The government has forecast that its debt will increase by $24.2B to $106B by 30 June 2012. The interest rates on these borrowings is staggering and, when combined with forecast inflation rates, could lead to higher interest rates over the next 12 months.
Another ongoing problem for small businesses is securing skilled labour. The government has announced a change for the recruitment of skilled persons wishing to migrate to Australia. If you are trying to employ skilled personnel, then perhaps you should have a closer look at the government's proposals relative to the online matching system which will allow employers to “cherry pick” from the government’s database of skilled persons wanting to migrate to Australia. If you are interested in employing apprentices, we would suggest that you closely follow the developments on the overhaul of the apprenticeship scheme that the government has announced.
What could emerge as the biggest problem is in China, where it is reported that the Chinese government is attempting to clamp down on domestic inflation. These measures could slash the demand for Australian minerals and other products.
Now is the time to sit and reflect on these various matters and consider how your business might be affected. At this time of the year, many businesses seek advice from their accountants on their planning for a new financial year and we would be happy to have planning discussions with you.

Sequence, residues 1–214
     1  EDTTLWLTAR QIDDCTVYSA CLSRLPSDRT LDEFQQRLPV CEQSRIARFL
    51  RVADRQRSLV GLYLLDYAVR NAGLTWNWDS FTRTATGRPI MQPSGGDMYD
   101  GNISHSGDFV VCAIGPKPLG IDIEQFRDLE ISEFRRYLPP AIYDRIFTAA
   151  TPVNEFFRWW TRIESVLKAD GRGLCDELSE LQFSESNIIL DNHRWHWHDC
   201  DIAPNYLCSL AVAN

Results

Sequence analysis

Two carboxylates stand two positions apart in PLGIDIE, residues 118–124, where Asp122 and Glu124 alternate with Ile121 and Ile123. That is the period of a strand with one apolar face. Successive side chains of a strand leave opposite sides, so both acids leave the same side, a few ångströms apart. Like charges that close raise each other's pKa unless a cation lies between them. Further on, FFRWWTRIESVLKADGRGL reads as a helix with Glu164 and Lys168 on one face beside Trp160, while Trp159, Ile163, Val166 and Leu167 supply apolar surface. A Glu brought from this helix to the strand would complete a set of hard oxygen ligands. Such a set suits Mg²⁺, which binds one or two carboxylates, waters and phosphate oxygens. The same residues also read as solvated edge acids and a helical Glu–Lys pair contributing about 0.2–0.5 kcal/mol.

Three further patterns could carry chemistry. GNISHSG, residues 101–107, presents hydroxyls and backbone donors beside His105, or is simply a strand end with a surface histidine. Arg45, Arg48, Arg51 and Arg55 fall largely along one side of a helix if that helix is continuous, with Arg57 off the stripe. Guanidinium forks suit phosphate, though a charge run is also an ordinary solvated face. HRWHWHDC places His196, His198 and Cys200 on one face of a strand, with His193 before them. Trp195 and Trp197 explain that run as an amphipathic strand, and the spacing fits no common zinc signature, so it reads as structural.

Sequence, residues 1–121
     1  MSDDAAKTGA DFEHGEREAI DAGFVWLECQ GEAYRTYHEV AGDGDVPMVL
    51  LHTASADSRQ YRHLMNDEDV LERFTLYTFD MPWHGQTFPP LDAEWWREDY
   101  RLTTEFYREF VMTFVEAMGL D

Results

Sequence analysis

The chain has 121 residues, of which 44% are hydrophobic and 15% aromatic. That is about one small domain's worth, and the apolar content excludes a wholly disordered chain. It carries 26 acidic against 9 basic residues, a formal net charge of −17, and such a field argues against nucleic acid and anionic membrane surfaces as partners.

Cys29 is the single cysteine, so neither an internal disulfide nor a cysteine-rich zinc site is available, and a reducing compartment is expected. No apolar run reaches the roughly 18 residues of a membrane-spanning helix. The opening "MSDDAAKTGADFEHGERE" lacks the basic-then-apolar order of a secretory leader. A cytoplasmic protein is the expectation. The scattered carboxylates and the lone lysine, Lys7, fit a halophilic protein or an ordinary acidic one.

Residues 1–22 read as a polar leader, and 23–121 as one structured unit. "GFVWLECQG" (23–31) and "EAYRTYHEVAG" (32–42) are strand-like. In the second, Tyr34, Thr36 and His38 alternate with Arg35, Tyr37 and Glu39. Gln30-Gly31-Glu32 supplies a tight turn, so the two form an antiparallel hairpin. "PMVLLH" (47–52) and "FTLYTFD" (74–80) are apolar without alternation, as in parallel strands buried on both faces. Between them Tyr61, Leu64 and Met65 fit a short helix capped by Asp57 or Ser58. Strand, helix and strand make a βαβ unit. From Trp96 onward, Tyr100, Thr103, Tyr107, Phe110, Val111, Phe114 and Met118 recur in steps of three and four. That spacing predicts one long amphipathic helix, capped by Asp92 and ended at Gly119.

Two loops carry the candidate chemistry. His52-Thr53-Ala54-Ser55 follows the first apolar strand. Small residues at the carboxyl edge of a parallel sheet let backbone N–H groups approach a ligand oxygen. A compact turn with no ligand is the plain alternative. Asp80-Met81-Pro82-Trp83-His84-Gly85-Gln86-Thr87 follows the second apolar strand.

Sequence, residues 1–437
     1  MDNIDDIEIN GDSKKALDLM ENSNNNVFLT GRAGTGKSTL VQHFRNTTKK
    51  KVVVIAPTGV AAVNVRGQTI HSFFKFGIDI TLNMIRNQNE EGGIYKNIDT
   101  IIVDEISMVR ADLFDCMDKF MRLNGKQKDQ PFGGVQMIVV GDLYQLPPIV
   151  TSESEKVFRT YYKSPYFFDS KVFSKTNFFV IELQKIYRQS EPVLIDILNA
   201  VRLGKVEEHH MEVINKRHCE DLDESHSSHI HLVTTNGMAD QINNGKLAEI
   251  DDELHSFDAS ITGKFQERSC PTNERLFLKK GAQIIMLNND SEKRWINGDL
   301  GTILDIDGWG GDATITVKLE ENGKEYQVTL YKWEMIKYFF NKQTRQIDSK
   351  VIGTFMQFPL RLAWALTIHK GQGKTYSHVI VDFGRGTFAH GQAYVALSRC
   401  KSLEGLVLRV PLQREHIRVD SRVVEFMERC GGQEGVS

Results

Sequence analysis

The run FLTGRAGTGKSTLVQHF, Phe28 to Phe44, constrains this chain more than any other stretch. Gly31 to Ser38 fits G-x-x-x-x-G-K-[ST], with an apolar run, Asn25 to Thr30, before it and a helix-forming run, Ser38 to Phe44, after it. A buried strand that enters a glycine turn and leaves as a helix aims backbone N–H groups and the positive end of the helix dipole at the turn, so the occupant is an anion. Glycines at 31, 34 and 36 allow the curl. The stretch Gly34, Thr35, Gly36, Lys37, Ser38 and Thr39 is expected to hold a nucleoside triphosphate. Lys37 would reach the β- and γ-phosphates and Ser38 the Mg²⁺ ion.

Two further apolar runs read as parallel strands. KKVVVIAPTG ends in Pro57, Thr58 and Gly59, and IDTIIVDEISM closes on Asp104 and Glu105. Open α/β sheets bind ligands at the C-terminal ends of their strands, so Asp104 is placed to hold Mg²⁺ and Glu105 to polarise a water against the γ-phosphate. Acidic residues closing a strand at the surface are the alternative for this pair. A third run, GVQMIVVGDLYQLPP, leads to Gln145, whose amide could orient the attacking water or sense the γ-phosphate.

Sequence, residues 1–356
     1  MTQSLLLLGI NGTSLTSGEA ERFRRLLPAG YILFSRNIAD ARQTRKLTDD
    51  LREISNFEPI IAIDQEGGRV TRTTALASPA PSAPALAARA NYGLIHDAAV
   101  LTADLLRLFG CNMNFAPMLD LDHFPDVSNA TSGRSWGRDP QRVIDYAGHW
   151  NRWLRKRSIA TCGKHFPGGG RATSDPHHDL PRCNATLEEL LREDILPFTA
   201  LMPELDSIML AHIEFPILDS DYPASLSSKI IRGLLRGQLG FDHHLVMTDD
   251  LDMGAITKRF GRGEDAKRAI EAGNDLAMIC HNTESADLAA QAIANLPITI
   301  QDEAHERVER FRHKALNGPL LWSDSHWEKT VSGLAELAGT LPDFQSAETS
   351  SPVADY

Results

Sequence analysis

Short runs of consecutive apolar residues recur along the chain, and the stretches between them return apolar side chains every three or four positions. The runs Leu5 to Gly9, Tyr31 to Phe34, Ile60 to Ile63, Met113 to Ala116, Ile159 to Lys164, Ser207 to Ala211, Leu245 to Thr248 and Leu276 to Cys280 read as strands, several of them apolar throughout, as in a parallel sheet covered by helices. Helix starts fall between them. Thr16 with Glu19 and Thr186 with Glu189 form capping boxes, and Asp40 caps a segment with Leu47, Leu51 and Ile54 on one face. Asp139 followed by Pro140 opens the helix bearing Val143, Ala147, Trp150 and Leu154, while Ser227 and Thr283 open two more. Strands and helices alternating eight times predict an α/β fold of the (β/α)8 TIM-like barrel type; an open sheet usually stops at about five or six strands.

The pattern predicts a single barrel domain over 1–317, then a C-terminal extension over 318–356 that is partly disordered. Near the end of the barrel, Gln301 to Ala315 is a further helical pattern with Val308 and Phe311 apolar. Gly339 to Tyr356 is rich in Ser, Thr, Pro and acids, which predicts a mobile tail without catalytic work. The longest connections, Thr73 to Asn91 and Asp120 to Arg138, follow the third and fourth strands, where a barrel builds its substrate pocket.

Are References Worthwhile?
Some commentators believe that references are “not worth the paper they are written on”. When you contact a referee, ask them specific questions such as;
- How long did the applicant work for your organisations?
- In what capacity?
- Does the referee care to comment on the qualifications and experience of the applicant?
- Would they re-employ the applicant in his/her former position? (probably the most important question).
- Was the applicant a team player?
- Did the applicant exercise initiative in his/her job?
There are significant benefits from the utilisation of a referee’s form that you could prepare and send to the referee to complete. This will reflect the referee's true thoughts of the applicant.
What Are Business Buyers Looking For?
Some people think that the buyer of a business is only looking at the profitability of the targeted business; however there are a number of other matters to be reviewed to assist a prospective buyer make their decision. The reduction of the perceived risk is a very important factor.
Astute buyers will look beyond the profit and loss account.
- What does the Key Performance Indicators (KPIs) for the business indicate?
- How does the business compare when it is benchmarked against other businesses?